Brian: Well we like to change them up, mix things up a bit so they don’t get stale. But there’s so many big songs that we have to keep doing that the standards are in there night after night really – you can’t take The Prince out, or It’s Electric. So we’re really all about trying to promote the new album, so we’ve been doing I think 8 different songs from that so far. And I think we’re doing about five tonight, which seems a lot, but people seem to be enjoying it so I don’t think we’re ramming it down their throats too much – I think people actually want to hear us do the new songs. And we’re doing a song called Knight Of The Swords tonight, which is off the Canterbury album and I don’t think we’ve done more than 4 times since about 1984.

Since we last spoke in March, you’ve had another line-up change, with Dean Ashton replacing Eddie Moohan on bass in August. How much has that change altered the band dynamic, if at all?

Brian: He’s really good and he really suits what we’re doing – he really locked in well with Karl [Wilcox, drums] when we first auditioned him. His sound is more aggressive than Eddie’s though, he plays with a pick more. Because Eddie’s more of a finger player, but he’d play with a pick for DIAMOND HEAD to get that bit more aggression. And Dean only plays with a pick really – I mean he can without, he’s a really good musician. But it really suits what we’re doing, really locks in beautifully with the drums and the two guitars, but be the judge on that yourself I suppose. We’re all really happy with Dean though, he’s a nice guy.

Diamond Head live 2016
Diamond Head live @ 02 Academy, Sheffield. Photo Credit: Sabrina Ramdoyal Photography

Ignoring the hiatus, DIAMOND HEAD has been a part of your life for near-enough 40 years now. Is the passion still just as strong as in the early days?

Brian: It’s mad isn’t it? I formed this band in 1976 in my bedroom, just coming up with the name, and here we are in 2016 still talking about it. And yeah, it’s still there – I like DIAMOND HEAD, it’s my baby in a way. I’ve tried to protect it and keep it going, look after the back catalogue whenever possible; keep everybody happy y’know? You’ve got to keep the band members happy when possible and I just try to do all that as best as I can. So we have had breaks and we’ve lost members along the way, but the songs tell the tale in a way, they’ve stood the test of time. Am I Evil?, The Prince etc. – those songs are 36 years old a lot of them, and they still sound good and people want to hear them so I don’t mind playing them. At the end of the day I always think it’s about the songs – you go to see a band because you like the songs, and so if you’ve got some great ones in your set, you’re very lucky really.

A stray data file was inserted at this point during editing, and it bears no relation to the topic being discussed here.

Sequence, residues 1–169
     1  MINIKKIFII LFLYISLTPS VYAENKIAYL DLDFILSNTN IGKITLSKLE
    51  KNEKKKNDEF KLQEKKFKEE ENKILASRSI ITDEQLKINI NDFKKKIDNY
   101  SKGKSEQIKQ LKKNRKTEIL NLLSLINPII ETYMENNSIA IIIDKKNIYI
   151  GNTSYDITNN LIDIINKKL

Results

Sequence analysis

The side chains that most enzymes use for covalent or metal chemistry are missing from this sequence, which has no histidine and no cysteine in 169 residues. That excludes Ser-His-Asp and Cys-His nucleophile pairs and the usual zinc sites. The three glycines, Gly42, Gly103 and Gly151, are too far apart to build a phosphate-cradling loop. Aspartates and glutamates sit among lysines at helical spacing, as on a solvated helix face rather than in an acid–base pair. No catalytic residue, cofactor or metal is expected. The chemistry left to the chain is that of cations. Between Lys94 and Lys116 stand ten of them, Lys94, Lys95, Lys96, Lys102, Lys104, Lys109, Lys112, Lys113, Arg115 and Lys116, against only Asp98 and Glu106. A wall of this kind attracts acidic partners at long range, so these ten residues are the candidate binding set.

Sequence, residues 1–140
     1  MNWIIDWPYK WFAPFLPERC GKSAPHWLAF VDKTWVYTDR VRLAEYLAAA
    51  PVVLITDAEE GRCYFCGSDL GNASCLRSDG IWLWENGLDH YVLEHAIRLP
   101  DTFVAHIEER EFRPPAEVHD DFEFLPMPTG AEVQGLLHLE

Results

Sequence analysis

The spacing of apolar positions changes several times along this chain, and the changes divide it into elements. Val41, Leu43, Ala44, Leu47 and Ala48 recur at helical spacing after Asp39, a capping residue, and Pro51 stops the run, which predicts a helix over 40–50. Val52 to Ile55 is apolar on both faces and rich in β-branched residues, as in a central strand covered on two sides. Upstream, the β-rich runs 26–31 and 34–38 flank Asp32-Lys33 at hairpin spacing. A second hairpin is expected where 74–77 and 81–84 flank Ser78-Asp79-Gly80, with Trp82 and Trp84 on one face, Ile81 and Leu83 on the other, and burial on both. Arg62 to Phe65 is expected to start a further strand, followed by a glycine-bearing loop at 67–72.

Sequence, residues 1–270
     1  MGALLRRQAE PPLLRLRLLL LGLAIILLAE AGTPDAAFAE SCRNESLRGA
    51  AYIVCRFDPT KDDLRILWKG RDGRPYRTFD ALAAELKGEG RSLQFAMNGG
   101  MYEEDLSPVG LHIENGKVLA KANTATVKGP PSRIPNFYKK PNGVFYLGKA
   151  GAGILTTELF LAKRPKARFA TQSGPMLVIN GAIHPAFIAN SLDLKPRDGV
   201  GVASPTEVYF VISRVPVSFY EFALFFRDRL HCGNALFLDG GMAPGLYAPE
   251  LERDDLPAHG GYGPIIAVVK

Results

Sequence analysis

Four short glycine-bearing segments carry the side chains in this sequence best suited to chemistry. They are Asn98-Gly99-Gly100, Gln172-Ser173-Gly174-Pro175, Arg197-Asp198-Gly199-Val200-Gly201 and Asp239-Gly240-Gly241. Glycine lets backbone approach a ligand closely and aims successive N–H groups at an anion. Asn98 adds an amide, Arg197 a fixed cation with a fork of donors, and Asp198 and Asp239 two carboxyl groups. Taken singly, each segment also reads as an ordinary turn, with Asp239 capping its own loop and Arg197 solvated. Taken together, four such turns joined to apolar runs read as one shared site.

DIAMOND HEAD are obviously well-known within the rock & metal scene for influencing acts like METALLICA and MEGADETH. how does it feel knowing you’ve impacted the industry in such a major way over the course of your career?

Brian: Oh it’s great. influential bands are always well-respected. You need those kinds of bands to take things forward and take it somewhere new, and not just copy what’s been done before but try and give something back to the style you love. And the fact that METALLICA, in particular, picked up on us and started covering DIAMOND HEAD songs and kind-of bigging us up in a way to the world, it’s helped keep us going. No question about it – I don’t think the band would have survived without METALLICA crediting us and covering us, and the money I’ve received from royalties has given me a better life and given us so much credibility so I’m forever grateful.

You’re heading off to the US and Canada next month for a fairly large tour lasting virtually the remainder of the year. How does touring out in the States differ to the UK for you?

Brian: It seems like everything’s further away, y’know? The distances you can’t really appreciate until you go – like you’ll get there and realise tomorrow’s gig is something like ten hours away, so you’ll sit there and after five or six hours start thinking “Blimey, when are we actually going to get there?” Some of the gigs, we’ll drive all day and not get there until about ten o’clock at night, and then you’d have to wait for the support band to finish, quickly move their gear off and put yours on, and go. There’s no soundcheck, you just haven’t got the time. You can’t be there from five in the afternoon or something if it’s a ten-hour drive, unless you want to leave at seven in the morning, we ain’t doing that. So some of the drives are shocking, but usually the crowds are great and really excited to see us. I think they just appreciate us going out to see them really.

Have you got any plans for next year you can talk about yet?

Brian: Well, not really – we’re talking about maybe doing Hard Rock Hell and we’re writing some new songs we might do something with, but nothing’s set in stone yet really.

Well, thanks very much for your time Brian.

Brian: No problem, my pleasure.

Diamond Head is out now via Dissonance Productions.